The fifty kinds of rum in Key West and the rough-shelled oysters being shucked behind the bar by hands that play jazz trombone after closing time.
Nabokov's butterflies, and the powdery wings of moths batting the bedside lamp on some late summer night (millers, my Grandma Bailey called them).
The Old English Sheepdog standing waiting in the Quad, patience heavily distilled.
Sun after rain; rain again.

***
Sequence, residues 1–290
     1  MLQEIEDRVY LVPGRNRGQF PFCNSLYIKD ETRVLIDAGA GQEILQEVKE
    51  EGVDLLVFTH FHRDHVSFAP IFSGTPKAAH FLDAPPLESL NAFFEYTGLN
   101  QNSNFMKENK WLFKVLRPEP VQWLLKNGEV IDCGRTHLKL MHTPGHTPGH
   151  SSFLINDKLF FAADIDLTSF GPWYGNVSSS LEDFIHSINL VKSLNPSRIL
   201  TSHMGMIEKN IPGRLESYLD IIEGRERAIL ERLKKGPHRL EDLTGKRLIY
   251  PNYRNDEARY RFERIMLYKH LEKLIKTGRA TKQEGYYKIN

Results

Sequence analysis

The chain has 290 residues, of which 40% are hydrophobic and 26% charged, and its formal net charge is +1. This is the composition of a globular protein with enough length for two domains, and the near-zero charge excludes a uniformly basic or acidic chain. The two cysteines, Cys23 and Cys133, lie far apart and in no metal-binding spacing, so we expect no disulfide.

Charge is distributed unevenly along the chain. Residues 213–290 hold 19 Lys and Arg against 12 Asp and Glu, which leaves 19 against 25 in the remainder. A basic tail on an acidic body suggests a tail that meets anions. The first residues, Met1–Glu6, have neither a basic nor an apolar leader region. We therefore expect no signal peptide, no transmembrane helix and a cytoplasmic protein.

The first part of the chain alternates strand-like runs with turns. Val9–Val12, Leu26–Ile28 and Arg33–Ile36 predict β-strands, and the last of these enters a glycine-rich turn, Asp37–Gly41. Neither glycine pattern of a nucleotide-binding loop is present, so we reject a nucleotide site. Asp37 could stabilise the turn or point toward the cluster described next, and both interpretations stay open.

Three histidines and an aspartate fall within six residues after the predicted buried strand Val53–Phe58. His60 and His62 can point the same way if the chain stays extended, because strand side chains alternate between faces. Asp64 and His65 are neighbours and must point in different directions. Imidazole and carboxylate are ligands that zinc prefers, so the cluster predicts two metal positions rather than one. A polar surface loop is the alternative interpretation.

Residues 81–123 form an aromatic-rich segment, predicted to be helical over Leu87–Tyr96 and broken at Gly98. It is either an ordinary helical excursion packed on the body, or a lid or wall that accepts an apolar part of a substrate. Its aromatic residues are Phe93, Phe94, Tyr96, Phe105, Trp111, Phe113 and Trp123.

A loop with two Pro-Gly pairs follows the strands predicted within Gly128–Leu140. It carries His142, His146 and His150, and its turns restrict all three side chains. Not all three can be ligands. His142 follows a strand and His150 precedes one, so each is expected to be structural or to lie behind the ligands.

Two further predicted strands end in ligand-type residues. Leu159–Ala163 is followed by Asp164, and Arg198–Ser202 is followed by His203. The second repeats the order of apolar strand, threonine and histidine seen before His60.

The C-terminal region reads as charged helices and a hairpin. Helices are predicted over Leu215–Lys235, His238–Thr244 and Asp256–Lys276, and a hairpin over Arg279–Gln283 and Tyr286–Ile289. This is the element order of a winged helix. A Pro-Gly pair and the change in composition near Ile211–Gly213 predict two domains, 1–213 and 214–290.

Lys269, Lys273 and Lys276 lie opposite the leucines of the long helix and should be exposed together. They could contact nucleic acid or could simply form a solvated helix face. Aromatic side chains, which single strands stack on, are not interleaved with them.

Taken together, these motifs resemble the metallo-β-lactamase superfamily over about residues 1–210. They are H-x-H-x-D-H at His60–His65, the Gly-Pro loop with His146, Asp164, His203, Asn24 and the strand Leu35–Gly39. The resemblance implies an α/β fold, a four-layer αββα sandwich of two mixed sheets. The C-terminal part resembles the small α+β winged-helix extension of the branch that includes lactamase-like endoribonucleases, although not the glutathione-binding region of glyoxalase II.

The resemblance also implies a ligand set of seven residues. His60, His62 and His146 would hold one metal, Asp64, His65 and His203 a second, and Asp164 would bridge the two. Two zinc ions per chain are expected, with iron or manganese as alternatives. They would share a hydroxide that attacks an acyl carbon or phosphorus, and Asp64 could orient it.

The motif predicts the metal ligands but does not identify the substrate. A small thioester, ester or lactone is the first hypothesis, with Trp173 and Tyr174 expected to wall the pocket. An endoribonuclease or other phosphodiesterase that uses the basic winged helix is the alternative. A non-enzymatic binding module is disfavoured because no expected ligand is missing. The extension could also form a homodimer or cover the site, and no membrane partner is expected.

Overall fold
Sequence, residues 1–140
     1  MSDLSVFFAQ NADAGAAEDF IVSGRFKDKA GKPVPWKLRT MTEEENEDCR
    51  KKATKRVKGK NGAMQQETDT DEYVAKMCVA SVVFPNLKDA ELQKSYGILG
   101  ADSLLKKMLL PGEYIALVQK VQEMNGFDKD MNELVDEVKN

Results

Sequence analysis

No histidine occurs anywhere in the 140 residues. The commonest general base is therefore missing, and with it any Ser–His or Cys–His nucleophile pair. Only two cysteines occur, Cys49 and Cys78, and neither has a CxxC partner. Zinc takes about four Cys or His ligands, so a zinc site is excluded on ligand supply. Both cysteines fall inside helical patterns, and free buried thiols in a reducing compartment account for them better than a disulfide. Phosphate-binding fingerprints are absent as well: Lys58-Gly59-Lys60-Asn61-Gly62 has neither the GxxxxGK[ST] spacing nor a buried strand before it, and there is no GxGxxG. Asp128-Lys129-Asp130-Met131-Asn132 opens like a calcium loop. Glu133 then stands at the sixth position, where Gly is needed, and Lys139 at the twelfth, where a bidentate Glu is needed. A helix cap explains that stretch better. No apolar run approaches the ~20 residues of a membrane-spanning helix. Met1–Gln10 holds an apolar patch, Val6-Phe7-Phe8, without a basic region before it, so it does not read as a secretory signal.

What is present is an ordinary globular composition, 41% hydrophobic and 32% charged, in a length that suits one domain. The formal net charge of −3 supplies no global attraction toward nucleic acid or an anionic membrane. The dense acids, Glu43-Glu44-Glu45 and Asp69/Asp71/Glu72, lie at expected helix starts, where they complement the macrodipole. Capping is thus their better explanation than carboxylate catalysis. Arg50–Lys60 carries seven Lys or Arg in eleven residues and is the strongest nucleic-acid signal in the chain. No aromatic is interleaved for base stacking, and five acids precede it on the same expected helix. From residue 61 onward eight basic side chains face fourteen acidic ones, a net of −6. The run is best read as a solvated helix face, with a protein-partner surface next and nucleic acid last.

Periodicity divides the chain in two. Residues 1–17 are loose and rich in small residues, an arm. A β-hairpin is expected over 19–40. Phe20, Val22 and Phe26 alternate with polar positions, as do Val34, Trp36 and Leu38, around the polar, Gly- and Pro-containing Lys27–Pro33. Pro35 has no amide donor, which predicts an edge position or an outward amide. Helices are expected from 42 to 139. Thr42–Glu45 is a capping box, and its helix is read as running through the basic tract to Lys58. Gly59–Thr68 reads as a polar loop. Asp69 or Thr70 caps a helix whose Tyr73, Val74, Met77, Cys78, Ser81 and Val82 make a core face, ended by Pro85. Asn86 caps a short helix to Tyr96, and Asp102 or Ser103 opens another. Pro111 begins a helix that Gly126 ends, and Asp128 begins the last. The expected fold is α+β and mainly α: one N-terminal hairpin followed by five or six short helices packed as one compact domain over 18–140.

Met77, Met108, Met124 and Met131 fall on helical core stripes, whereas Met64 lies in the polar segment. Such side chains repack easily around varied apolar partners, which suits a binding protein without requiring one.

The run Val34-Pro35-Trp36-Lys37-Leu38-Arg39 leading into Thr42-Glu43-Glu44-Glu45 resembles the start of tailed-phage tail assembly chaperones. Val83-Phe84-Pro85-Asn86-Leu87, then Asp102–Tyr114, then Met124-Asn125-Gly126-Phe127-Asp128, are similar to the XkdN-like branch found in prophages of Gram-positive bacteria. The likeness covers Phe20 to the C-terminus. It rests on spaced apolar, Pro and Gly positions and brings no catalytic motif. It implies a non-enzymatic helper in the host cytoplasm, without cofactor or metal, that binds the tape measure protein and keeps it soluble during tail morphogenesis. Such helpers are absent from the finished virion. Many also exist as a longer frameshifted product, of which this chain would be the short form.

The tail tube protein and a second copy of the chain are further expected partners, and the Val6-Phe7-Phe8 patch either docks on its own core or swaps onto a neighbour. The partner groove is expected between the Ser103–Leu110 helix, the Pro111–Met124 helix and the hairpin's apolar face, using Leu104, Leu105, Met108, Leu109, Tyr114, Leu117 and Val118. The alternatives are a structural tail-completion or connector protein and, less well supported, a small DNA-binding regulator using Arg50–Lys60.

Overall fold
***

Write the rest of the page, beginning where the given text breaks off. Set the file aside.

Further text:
The sleekly polished wooden floor of the old basketball pavillion, unseen traces of tatooing shoes and sweat evoking tenth grade and the seminary court.
My chased silver Navajo pen.
The stone wall and the hunter clearing it, a dappled gray named Tapitia we're all urging on—my heart bunching and rising every time he does.